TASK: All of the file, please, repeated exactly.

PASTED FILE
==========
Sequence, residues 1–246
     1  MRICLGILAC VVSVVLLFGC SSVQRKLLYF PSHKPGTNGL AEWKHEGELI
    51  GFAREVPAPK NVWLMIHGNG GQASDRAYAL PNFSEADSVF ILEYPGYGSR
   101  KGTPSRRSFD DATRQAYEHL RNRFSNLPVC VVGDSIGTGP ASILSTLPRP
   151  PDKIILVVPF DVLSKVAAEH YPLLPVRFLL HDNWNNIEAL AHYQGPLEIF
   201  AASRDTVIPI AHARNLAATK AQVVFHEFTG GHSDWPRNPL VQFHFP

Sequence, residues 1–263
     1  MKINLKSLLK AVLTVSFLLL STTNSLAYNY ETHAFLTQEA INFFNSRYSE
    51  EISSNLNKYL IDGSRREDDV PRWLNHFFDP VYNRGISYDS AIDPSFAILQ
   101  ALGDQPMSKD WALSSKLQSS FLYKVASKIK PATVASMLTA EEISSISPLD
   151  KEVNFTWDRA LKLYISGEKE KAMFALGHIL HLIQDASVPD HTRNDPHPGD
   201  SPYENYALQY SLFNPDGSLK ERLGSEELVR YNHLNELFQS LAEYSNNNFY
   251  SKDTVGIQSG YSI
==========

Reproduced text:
Sequence, residues 1–246
     1  MRICLGILAC VVSVVLLFGC SSVQRKLLYF PSHKPGTNGL AEWKHEGELI
    51  GFAREVPAPK NVWLMIHGNG GQASDRAYAL PNFSEADSVF ILEYPGYGSR
   101  KGTPSRRSFD DATRQAYEHL RNRFSNLPVC VVGDSIGTGP ASILSTLPRP
   151  PDKIILVVPF DVLSKVAAEH YPLLPVRFLL HDNWNNIEAL AHYQGPLEIF
   201  AASRDTVIPI AHARNLAATK AQVVFHEFTG GHSDWPRNPL VQFHFP

Sequence, residues 1–263
     1  MKINLKSLLK AVLTVSFLLL STTNSLAYNY ETHAFLTQEA INFFNSRYSE
    51  EISSNLNKYL IDGSRREDDV PRWLNHFFDP VYNRGISYDS AIDPSFAILQ
   101  ALGDQPMSKD WALSSKLQSS FLYKVASKIK PATVASMLTA EEISSISPLD
   151  KEVNFTWDRA LKLYISGEKE KAMFALGHIL HLIQDASVPD HTRNDPHPGD
   201  SPYENYALQY SLFNPDGSLK ERLGSEELVR YNHLNELFQS LAEYSNNNFY
   251  SKDTVGIQSG YSI